Eliminate the mechanical part of the argument by disconnecting any belts from the PTO bell. Make sure the PTO bell spins freely when the PTO lever is not engaged. Restart the engine and engage the PTO lever. With nothing to MECHANICALLY bog the engine down, the engine should continue to run. If the engine dies, I would say the issue is the ignition system being shut down. I'll take a look at the schematics for your particular tractor and get back to you later this morning. If you have the opportunity, I would have you disconnect the kill wire from the magneto, run the engine, engage he PTO and see if the engine stills runs. Yes? Then reconnect the kill wire to kill the engine. Attach the mower belt back to the PTO bell, remove the kill wire, restart the engine and engage the PTO. Still running? Yes ? Then we have a safety switch / wiring issue.

I'll post later regarding additional checks.

Got out the manuals today and tried to see how to get the belt off the PTO bell...no help. Those old manuals just do not cut it at all when it comes to thing like that but will go to the internet where I think I can find out the info. I wonder if I have to drop the mower deck to loosen the belt enough to give the belt enough slack.

Thanks

I had never had to fiddle with the PTO belt and you're perfectly right, I loosened the belt, removed it from the PTO pulley and started the machine, eased the PTO lever forward...mower died.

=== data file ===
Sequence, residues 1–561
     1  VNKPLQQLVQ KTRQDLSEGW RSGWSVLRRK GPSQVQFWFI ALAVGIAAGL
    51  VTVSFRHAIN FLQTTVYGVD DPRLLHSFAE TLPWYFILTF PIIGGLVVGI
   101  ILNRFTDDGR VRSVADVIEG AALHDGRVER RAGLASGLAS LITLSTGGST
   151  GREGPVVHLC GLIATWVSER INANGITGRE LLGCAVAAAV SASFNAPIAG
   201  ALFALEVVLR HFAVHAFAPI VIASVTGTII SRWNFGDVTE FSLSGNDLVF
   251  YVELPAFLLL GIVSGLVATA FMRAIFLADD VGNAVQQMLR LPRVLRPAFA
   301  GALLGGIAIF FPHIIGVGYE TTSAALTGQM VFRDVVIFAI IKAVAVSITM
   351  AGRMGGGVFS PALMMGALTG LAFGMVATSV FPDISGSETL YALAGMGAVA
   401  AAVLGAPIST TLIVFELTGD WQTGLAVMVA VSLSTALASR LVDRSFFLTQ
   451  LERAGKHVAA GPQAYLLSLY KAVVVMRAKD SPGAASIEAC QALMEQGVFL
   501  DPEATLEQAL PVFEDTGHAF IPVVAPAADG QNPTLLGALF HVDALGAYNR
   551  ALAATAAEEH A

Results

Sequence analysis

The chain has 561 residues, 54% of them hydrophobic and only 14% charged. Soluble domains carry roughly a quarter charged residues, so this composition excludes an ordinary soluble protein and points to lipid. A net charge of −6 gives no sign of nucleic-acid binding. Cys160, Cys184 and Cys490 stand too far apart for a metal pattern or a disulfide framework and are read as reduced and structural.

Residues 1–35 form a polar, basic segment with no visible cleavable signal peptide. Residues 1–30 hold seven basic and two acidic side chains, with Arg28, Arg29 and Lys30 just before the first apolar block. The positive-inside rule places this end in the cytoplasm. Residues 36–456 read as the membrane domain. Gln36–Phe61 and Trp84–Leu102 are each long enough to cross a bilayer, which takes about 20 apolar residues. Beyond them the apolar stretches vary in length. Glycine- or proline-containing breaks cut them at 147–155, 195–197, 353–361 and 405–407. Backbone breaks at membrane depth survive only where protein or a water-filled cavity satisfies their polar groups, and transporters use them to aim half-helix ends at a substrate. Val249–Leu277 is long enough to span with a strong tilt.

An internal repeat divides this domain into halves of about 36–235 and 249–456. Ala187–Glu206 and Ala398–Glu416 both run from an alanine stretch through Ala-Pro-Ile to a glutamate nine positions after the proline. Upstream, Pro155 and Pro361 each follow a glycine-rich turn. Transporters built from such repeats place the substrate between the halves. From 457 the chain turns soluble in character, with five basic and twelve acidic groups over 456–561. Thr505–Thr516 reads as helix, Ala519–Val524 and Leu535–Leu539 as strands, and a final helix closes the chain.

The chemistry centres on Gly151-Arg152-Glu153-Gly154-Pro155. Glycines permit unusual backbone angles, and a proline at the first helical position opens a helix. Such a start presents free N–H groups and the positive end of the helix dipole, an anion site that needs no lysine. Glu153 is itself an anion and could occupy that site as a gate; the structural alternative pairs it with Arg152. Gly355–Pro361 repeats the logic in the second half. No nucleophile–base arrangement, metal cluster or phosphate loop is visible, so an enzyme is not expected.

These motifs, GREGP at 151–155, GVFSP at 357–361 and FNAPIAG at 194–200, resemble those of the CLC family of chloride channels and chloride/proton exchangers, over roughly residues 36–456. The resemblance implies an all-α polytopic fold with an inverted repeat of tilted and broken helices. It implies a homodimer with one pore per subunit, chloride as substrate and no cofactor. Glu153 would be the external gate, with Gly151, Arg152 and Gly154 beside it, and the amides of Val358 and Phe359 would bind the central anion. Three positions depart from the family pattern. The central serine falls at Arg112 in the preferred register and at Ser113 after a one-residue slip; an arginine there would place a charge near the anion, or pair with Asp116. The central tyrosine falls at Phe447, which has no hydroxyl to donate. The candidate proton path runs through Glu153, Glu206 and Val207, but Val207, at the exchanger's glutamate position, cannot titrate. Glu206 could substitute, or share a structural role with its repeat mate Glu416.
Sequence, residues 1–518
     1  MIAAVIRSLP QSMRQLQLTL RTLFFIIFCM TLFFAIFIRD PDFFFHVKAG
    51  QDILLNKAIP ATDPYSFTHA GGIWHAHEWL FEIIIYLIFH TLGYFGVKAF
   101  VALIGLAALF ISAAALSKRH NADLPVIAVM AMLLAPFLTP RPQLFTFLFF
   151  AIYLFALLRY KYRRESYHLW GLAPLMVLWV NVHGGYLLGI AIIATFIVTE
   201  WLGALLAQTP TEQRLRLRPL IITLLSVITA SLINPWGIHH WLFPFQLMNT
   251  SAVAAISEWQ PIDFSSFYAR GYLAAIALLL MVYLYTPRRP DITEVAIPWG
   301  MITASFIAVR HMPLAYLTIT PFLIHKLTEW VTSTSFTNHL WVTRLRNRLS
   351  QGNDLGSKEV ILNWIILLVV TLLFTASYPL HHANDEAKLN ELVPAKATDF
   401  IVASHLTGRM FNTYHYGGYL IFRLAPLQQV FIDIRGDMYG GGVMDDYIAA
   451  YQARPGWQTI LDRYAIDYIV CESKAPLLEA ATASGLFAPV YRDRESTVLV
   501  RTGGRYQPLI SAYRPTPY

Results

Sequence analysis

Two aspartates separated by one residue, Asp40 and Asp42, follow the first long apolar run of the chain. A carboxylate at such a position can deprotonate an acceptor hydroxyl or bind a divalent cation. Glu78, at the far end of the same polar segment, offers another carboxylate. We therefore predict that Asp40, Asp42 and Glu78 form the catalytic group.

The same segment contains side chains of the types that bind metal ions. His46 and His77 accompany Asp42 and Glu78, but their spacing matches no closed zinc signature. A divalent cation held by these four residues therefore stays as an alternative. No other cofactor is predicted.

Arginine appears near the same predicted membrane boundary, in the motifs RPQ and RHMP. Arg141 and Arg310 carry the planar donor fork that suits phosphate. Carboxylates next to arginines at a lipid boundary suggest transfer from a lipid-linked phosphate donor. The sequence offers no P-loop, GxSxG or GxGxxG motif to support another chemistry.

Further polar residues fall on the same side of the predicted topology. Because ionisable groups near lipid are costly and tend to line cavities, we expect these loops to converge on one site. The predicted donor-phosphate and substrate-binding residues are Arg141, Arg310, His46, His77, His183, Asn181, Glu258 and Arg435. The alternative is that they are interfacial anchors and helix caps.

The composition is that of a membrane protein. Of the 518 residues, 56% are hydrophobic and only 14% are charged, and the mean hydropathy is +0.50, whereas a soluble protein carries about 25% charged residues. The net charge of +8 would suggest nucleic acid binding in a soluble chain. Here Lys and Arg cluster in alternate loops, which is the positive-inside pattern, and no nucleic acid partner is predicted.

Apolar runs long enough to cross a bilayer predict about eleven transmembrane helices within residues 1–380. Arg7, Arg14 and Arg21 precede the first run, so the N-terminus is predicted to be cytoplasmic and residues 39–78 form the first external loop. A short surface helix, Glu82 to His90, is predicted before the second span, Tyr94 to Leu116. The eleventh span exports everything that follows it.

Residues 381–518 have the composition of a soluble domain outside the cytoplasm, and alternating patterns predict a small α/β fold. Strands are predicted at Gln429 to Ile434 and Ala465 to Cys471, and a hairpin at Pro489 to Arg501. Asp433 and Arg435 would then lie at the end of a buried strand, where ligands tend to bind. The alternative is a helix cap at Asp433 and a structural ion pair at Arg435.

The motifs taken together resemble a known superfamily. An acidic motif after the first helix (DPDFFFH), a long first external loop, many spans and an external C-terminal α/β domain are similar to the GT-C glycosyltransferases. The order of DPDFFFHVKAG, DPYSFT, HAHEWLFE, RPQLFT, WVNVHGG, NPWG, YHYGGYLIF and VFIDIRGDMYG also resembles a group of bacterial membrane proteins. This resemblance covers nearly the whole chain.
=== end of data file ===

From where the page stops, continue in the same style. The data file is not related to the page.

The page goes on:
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The problem of the engine dying when slowly engaging the PTO lever still persists.
We had a conversation on the "old" Red Square site about this same issue. As I remember, there was debate as to if it was a mechanical issue bogging the engine or an electrical issue just shutting down the ignition circuit. In your instance, and in my opinion, the white smoke is the show stopper here. It is the most significant issue you currently have on the tractor and you probably should not consider mowing with it until your "bug fogger" turns back into a tractor once again. So here is what I remember as the highlights from that discussion (maybe someone can point that post or even the owner of that tractor could chime in - for the life of me I can not remember how that one was resolved). Eliminate the mechanical part of the argument by disconnecting any belts from the PTO bell. Make sure the PTO bell spins freely when the PTO lever is not engaged. Restart the engine and engage the PTO lever. With nothing to MECHANICALLY bog the engine down, the engine should continue to run. If the engine dies, I would say the issue is the ignition system being shut down. I'll take a look at the schematics for your particular tractor and get back to you later this morning. If you have the opportunity, I would have you disconnect the kill wire from the magneto, run the engine, engage he PTO and see if the engine stills runs. Yes? Then reconnect the kill wire to kill the engine. Attach the mower belt back to the PTO bell, remove the kill wire, restart the engine and engage the PTO. Still running? Yes ? Then we have a safety switch / wiring issue. I'll post later regarding additional checks.